Since the appearance of the editions already mentioned, two others have appeared which are worthy of notice. An edition of the old German version, edited by August Bürck, in 1845, and an Italian edition by Vincenzo Lazari, in 1847. Singularly enough, neither of these editors appears to have been aware of the direct evidence of John d'Ypres to the fact of the original text having been written in French, although it had been so publicly stated by M. D'Avezae several years before.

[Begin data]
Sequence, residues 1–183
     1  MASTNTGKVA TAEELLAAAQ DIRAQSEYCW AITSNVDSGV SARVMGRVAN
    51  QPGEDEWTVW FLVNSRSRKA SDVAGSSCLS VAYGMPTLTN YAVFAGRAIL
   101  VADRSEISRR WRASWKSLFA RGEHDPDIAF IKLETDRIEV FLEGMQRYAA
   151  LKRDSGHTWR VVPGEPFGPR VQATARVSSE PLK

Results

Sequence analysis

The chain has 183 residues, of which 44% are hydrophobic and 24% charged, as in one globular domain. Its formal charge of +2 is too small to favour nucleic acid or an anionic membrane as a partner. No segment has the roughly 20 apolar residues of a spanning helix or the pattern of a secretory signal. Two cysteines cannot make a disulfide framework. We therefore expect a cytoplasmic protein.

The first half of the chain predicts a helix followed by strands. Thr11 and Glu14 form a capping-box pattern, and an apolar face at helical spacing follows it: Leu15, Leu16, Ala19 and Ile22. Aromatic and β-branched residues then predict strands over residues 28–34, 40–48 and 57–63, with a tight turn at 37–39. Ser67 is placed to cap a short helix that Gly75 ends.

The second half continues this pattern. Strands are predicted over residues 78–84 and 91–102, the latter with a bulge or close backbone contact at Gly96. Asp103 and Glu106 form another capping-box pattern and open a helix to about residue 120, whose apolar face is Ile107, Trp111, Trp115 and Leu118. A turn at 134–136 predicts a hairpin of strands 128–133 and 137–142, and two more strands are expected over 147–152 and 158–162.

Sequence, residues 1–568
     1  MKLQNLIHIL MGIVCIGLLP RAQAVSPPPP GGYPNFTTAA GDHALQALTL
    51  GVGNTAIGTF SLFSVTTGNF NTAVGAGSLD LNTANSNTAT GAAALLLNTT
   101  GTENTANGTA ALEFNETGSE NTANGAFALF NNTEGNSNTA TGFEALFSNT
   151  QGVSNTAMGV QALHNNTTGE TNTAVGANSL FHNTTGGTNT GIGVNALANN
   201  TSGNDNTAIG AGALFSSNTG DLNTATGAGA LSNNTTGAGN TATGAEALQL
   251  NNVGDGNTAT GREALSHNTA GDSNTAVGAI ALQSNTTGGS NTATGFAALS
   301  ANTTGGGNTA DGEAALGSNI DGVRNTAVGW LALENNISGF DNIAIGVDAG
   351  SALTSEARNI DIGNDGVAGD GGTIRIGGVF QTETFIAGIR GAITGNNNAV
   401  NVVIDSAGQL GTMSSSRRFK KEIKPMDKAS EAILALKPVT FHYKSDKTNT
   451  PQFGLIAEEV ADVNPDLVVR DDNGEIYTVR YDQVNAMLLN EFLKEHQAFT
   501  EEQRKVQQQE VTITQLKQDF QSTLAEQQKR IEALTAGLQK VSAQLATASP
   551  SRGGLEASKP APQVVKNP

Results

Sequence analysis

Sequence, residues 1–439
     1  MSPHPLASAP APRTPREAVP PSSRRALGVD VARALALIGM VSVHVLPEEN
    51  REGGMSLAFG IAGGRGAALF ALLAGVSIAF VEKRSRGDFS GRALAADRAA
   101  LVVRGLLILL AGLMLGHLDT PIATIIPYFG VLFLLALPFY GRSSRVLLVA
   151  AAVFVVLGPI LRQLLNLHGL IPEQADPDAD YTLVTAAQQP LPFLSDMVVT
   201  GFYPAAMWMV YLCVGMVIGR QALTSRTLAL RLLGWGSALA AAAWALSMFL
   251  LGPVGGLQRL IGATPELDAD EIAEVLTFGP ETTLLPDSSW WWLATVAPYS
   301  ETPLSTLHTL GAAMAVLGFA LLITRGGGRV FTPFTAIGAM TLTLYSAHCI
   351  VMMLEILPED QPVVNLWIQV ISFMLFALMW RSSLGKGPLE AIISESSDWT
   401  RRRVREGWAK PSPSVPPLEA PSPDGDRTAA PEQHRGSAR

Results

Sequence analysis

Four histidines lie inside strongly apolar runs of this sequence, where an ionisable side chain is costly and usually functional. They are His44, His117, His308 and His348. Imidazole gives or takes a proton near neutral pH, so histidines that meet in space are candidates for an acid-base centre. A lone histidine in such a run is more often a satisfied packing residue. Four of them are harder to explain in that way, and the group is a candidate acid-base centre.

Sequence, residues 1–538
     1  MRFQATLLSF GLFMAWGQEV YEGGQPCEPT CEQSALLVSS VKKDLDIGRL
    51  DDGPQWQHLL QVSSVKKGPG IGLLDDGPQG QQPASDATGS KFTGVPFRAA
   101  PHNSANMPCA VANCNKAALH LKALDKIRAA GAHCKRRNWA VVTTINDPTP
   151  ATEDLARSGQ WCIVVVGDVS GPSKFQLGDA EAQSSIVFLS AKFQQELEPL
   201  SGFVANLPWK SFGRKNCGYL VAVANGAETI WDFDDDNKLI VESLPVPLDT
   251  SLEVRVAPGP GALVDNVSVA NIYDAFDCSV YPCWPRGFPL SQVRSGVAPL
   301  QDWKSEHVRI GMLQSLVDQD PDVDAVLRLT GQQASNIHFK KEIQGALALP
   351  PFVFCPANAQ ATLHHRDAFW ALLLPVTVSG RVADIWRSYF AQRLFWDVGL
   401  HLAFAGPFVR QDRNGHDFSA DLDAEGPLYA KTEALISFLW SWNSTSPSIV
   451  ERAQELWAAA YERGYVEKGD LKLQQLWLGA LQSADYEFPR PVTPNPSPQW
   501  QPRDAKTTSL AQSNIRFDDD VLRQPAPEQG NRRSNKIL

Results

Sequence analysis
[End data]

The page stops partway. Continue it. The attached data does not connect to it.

Most of the editions I have mentioned contain long and learned dissertations on Marco Polo's travels. It was the original intention, in the present edition, merely to reprint the text of Marsden's translation, with a selection from the notes. Marsden's notes are rather lengthy, and a good part of them consists only of repetitions of statements and authorities in support of the credibility of Marco Polo's narration; and as this question in now more generally understood than it was in Marsden's time, these corroborations are no longer necessary. When, however, I came to compare this translation with the new editions of the text, I found that it was desirable to give it a general revision, comparing it with the texts published more recently. All the texts differ so much from one another, that it is not easy to form anything like a perfect text from them; but a comparison enables us to correct some of the dates, names, distances, &c , which were evidently wrong in the text that Marsden followed; to set right one or two mistakes into which he fell from his want of knowledge of the medieval literature of Western Europe; and to restore passages which had been lost from the texts he used. The supplementary chapters added at the end of the present volume are translated from the early French text. From the historical dates to which some of these refer, they may have been an addition to the original compilation of Marco Polo's Travels, and, from the peculiar phraseology in which they are written, they seem to have been translated into prose from a narration in verse. This phraseology is sometimes so diffuse, that I have found it necessary to compress it in the translation, especially in the descriptions of battles, which are almost copies of one another.…